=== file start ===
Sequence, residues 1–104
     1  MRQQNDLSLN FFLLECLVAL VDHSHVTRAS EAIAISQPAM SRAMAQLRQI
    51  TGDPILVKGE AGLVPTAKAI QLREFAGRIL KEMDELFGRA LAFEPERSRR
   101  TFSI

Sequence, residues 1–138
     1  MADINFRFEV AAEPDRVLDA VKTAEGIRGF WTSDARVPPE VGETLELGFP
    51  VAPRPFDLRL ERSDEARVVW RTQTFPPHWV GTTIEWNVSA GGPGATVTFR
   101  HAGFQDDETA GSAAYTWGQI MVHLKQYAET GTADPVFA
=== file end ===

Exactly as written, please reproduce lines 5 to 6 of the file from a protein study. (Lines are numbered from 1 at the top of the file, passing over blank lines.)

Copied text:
Sequence, residues 1–138
     1  MADINFRFEV AAEPDRVLDA VKTAEGIRGF WTSDARVPPE VGETLELGFP